Problem in aggregating data streams
As part of radio astronomy applications testing, 512 Mbps real-time data were transmitted (streamed) from Jodrell Bank, UK and Onsala, Sweden to Mets�hovi, Finland. The streams were simultaneous and over the normal Internet; no tuning or jumbo frames were used. One week later, the astronomers tried a 1Gbit/s Ethernet to transfer two data steams with an aggregate speed 896 Mbit/s (one 512Mbps and one 338Mbps). They observed some problems: from point-to-point they could transfer 940 Mbps test traffic without errors. Same goes for two data streams that don't share ports. But when they tried to aggregate two data streams to the same link, they saw signfiicant packet loss. The equipment they use is a Extreme Networks Summit 450 and their computers were cheap nForce4-based or Dell office computers. They are using a modified realtime version of the tsumani protocol that is a rate-based udp protocol.
The problem is well known, and described at NetworkBufferSizing. In brief, when you transmit large amounts of data over a link with a large bandwidth-delay product, you must have big buffers along the path to accommodate the possibility of temporary congestion. Current router-based networks are designed that way, but in the access sites often this is forgotten. The exact buffer dimension is still being discussed, anyway it is generally agreed that they should be as big as possible. Suffice to say that with more than one stream, there is the possibility that the intrinsic bursty nature of TCP streams can fill the tiny buffers installed in low-end, cheap, workgroup switches, thus resulting in erratic packet loss. The only solution is to use a more expensive switch (yes, fast memory is expensive...) and replace the cheap one.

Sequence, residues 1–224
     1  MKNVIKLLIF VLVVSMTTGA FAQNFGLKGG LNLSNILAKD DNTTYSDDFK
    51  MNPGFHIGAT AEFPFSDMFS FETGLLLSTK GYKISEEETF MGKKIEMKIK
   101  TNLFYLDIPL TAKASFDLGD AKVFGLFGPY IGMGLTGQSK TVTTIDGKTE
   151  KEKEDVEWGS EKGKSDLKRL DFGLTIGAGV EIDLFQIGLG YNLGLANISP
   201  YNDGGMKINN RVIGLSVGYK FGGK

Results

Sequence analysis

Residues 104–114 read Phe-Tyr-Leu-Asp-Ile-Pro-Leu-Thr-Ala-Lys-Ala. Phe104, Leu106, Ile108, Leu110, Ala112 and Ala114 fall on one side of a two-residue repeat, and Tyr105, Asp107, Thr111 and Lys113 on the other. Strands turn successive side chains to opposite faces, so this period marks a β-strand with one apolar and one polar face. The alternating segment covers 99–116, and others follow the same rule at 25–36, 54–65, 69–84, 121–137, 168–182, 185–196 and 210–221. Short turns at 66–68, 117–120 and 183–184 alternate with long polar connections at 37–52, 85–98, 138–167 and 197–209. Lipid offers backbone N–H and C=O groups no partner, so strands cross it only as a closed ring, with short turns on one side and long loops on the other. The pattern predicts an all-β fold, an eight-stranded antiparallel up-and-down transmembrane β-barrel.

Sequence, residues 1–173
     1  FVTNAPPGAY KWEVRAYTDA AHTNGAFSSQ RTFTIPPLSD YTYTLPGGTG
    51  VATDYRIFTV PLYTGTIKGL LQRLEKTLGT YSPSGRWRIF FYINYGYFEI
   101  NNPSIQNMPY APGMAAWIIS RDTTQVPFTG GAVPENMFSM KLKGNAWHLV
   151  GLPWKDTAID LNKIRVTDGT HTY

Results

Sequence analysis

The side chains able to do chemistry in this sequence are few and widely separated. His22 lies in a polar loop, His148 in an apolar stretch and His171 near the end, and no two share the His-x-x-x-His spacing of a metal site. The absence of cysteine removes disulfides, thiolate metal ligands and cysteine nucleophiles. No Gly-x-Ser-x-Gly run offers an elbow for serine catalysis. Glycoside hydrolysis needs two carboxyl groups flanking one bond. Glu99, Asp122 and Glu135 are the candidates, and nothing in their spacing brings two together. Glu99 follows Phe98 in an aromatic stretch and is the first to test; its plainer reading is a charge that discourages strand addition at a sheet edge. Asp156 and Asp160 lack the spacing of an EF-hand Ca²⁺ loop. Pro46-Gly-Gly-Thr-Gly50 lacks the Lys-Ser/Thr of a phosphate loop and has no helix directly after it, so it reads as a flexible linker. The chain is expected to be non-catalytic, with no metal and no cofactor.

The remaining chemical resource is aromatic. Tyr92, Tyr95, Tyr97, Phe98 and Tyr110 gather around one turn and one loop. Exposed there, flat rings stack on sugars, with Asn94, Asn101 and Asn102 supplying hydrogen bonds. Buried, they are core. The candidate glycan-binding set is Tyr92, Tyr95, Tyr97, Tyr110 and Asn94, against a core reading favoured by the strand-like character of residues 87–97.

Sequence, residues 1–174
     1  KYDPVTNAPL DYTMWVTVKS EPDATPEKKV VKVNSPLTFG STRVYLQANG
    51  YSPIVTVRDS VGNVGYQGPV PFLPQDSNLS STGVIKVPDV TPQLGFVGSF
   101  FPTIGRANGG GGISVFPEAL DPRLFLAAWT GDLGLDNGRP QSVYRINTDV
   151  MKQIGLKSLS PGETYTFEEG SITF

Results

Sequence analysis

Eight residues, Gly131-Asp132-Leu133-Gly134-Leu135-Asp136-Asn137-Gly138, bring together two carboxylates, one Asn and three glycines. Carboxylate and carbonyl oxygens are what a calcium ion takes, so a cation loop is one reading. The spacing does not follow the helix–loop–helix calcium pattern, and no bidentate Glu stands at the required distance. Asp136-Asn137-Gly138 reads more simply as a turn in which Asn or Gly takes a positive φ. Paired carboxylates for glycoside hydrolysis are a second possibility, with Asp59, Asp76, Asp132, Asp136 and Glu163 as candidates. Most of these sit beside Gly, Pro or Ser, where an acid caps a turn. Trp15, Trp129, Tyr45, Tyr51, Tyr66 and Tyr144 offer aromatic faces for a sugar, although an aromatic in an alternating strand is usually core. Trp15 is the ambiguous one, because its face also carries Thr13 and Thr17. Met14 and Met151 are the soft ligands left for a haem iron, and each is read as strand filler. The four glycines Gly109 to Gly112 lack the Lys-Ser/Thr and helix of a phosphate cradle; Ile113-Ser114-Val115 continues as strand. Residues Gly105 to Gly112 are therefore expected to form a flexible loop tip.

– Main.TobyRodwell - 31 Jan 2007